In March, Boisselier and Rael testified before a congressional committee about their human-cloning work. But they have refused to offer any proof that they're actually doing what they claim. "Wait and see," Boisselier has said. Not content to wait for the Raelians to one day produce a bouncing baby clone, Rep. James Greenwood, a Pennsylvania Republican, wrote to the FDA on May 29 to ask what the agency knew about Clonaid. The FDA provided few details, but officials confirmed that they had located the secret lab and halted work on human cloning, says Peter Sheffield, a spokesperson for the House Energy and Commerce Committee.
"The group appears to be well funded, and they're certainly hellbent on succeeding in efforts to clone a human being," Sheffield says. "This combination is frightening and too important to ignore, regardless of how bizarre the Raelian movement may be." FDA officials have no comment, saying only that their investigation is continuing.
Clearly, the agency is trying to flex its regulatory muscle and show Congress that it hasn't been asleep at the switch. FDA investigators have been knocking on the doors of people like Richard Seed, a Chicago physicist who made headlines three years ago when he announced his intention to clone a human. "I think their purpose was to frighten me, and they did," says Seed. But the FDA has never policed other reproductive technologies, like in vitro fertilization, and its authority over human cloning has been widely disputed.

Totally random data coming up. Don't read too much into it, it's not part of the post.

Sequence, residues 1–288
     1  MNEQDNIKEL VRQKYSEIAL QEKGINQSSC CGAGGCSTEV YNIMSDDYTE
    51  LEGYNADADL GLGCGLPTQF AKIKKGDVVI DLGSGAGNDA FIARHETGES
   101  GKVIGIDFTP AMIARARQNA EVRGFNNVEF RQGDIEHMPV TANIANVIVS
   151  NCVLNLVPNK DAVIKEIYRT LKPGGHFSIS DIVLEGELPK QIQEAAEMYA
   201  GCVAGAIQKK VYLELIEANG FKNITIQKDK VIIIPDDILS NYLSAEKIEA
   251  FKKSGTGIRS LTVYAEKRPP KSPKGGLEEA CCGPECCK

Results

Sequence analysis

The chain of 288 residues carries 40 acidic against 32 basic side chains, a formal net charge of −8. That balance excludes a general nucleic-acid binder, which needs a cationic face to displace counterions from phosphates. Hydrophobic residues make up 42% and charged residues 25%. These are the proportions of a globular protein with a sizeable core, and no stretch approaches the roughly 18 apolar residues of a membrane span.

"The authority that they're asserting is something that they've never asserted in the fertility field before," Alex Capron, professor of law and medicine at the University of Southern California told Congress last month. Capron points out that the FDA is charged with regulating safety concerns only. Cows and other animals pregnant with cloned embryos frequently miscarry, and those clones that reach birth can suffer respiratory and circulation problems that sometimes kill them.
If scientists could prove human cloning safe, however, the FDA would not have the legal authority to stop the process, despite ethicists' concerns that human cloning presents vexing moral questions. Lawmakers overwhelmingly support a ban on human cloning. Two bills have come before Congress. One would simply prohibit the creation of a cloned embryo with the intent of making a baby. The other would flatly ban the creation of a cloned human embryo. The Bush administration recently endorsed this second, more restrictive bill. But many scientists say it would impede their work on so-called therapeutic cloning, which could someday allow them to engineer perfectly matched kidneys and other replacement body parts.
Even if a law were passed in the United States, it could prove difficult to enforce because cloning operations are easy to hide. Zavos, for example, says he knows of at least two other groups quietly trying to clone a human. Would-be cloners need only basic lab equipment. "It's not like it's a magical, secret thing," says Mark Westhusin of Texas A&M University, who works on cloning animals. A ban may also simply encourage scientists to pursue their work abroad, as Boisselier plans to. Zavos says his team has already set up two clandestine labs overseas.
"We're making a lot of progress," Zavos says, although for now his staff is just practicing the cloning process with cells from other species. He says that his group has 70 couples signed up. All, he adds, are keen to have a baby through cloning.